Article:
OpenAI says ‘Hello, World!’ with private beta for Codex code generation tool
OpenAI, the San Francisco-based artificial intelligence startup that has backing from Microsoft, among others, announced Tuesday it is now offering access to corporaitons to its Codex program for automatically generating code, in a private beta.
A button on the blog post links to a wait list form, where you can give your name and email and Github profile name, and details of what you’d like to build.
“During the initial period, OpenAI Codex will be offered for free,” the release states. “OpenAI will continue building on the safety groundwork we laid with GPT-3 — reviewing applications and incrementally scaling them up while working closely with developers tounderstand the effect of our technologies in the world.”
GPT-3 was released to the world in February of 2020, the third version by OpenAI of the “generative pre-trained transformer” language model that can produce whole articles that seem to have a quality of human writing about them, even though they are merely producing probabilty scores of word combinations.
Also: What is GPT-3? Everything your business needs to know about OpenAI’s breakthrough AI language program
Codex is the technology behind Microsoft’s GitHub CoPilot that was introduced in June.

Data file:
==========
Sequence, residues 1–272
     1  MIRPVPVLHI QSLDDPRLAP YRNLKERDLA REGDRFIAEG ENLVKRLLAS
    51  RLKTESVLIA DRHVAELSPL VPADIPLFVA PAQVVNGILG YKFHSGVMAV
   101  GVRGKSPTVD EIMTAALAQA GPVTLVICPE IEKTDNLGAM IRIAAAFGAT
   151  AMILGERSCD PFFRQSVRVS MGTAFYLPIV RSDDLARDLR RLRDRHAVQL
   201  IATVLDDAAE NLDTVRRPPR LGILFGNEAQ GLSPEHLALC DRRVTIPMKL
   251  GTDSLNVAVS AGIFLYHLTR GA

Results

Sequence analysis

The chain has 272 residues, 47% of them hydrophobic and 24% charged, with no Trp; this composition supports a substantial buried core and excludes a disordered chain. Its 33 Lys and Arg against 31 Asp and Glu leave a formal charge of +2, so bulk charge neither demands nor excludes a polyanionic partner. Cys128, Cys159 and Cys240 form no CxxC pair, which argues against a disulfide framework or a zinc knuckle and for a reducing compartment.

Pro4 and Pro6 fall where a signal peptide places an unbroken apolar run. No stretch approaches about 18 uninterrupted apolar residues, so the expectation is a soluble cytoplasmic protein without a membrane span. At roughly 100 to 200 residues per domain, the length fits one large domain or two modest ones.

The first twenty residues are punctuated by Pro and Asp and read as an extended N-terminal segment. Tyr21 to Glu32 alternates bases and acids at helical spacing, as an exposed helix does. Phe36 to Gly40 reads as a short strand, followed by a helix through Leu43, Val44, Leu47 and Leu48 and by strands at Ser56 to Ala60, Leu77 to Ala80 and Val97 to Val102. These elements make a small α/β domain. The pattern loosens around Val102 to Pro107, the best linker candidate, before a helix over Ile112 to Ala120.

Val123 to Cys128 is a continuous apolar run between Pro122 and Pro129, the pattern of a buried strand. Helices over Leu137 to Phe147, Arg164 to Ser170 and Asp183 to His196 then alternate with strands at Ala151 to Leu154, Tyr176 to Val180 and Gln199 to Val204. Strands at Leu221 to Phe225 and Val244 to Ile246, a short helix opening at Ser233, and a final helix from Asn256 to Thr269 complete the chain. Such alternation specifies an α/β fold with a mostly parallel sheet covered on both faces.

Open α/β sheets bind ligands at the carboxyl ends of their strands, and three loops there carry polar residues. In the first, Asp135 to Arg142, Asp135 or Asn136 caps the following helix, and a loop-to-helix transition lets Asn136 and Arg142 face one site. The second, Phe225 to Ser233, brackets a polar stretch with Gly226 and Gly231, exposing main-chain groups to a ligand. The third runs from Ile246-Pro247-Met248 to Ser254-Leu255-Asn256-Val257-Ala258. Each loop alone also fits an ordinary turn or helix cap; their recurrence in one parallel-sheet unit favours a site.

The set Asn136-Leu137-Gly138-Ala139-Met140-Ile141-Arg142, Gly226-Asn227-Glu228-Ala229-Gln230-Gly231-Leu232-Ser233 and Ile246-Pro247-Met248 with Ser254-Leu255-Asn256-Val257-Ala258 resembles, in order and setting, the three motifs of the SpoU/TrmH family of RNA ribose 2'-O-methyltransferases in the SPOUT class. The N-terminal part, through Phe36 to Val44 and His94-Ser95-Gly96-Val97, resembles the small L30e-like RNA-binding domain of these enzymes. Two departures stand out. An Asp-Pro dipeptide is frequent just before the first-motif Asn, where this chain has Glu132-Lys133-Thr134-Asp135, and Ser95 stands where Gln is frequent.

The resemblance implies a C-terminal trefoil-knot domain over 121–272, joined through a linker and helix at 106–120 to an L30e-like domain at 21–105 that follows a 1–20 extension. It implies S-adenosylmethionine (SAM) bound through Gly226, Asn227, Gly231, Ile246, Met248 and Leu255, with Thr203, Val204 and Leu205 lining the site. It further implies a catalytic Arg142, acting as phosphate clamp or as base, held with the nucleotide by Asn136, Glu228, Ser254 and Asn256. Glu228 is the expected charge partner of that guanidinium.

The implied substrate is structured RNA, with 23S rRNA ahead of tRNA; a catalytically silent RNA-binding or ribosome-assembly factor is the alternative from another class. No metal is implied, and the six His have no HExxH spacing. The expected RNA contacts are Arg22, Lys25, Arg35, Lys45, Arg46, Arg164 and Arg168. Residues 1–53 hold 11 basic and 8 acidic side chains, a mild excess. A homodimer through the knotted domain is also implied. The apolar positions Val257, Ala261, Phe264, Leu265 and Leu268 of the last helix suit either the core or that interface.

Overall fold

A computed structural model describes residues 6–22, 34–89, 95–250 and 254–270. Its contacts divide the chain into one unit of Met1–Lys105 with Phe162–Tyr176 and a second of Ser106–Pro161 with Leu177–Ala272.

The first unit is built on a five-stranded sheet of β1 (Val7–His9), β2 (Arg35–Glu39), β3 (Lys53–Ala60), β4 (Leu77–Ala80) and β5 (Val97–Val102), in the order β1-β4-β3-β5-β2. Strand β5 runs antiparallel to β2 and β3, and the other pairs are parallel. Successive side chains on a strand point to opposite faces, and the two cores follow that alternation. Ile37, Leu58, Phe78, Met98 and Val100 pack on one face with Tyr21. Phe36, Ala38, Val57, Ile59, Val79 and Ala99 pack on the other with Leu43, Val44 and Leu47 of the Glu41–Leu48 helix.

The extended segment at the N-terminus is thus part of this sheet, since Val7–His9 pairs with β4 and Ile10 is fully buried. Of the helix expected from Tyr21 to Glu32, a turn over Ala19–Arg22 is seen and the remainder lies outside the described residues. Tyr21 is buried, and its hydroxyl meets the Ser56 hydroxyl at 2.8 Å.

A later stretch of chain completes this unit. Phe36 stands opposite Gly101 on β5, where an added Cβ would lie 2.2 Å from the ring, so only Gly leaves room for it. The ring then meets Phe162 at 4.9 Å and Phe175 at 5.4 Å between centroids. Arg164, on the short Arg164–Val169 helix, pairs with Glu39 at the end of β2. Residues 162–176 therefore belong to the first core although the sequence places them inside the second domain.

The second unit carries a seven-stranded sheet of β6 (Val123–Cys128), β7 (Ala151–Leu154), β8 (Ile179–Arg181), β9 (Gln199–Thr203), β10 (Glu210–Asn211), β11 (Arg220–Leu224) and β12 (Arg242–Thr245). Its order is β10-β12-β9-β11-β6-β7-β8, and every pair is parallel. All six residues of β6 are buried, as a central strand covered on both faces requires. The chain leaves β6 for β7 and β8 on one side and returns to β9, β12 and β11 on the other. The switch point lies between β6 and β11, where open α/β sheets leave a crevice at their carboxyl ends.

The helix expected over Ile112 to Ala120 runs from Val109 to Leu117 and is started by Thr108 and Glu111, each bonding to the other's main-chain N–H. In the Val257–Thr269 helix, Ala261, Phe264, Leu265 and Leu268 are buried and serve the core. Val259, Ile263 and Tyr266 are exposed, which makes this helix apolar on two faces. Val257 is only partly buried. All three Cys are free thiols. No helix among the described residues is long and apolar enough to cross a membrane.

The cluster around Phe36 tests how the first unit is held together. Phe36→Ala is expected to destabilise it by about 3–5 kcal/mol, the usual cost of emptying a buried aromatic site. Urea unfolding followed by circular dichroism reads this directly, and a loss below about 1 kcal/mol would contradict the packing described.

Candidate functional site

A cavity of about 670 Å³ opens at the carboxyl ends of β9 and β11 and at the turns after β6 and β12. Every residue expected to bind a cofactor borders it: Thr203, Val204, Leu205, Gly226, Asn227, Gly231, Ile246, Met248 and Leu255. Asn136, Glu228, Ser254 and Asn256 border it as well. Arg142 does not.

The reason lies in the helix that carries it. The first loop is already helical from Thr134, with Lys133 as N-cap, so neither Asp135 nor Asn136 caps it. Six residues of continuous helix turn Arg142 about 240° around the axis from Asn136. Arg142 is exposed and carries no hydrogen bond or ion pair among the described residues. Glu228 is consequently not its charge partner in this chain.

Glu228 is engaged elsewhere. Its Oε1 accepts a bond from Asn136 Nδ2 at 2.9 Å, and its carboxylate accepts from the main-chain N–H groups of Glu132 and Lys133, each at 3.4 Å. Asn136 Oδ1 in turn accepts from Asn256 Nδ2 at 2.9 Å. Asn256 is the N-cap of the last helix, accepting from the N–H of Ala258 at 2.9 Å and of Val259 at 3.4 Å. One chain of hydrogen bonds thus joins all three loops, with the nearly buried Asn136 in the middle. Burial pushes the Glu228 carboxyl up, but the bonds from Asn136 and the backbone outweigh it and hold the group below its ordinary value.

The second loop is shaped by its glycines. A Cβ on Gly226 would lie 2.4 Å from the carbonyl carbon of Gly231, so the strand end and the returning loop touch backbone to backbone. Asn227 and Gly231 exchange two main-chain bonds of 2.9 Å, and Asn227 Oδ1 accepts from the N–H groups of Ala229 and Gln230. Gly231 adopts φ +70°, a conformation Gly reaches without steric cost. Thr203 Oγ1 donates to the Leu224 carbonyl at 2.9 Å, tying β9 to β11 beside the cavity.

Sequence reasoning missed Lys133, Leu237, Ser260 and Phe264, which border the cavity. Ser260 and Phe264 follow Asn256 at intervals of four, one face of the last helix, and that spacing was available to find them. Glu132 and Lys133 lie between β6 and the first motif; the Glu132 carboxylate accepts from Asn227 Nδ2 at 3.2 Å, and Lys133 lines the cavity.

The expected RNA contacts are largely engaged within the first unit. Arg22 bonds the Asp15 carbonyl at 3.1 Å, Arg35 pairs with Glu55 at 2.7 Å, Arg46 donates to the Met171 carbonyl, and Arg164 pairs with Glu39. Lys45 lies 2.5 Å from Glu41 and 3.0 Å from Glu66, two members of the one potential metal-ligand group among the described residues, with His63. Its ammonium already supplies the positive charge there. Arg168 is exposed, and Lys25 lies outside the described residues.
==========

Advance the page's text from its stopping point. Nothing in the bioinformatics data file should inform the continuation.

In Tuesday’s announcement, OpenAI offered multiple demonstrations of Codex in action. The program can generate “Hello, World!” code by having a person type into a prompt “print hello world,” whereupon it generates the code of the program. The demo shows a person typing “now with feeling!” wherupon the program produces the “Hello, World!” statement again but adds an extra exclamation point.
The program example expands to numerous extra features, such as “now display five such windows with 10 buttons, all at once,” and code is generated to produce multiple separate windows on screen.
In a more intriguing example for writers, the text of the poem Jabberwocky by Lewis Carroll is re-formatted with a phrase such as “remove indents” typed by a person. Writing “Prepend everything with L the line number than a colon.” Even though “than” is the wrong word, in this case, the program goes on to add line numbering to each line of the poem.
In one demo, the program will write a computer game, a simple imitation of Asteroids, from scratch, by having the progammer write declarative sentences of the kind, “Once the player reaches 250 points, they win! (1) Clear the document, (2) Tell them how long it took in seconds…”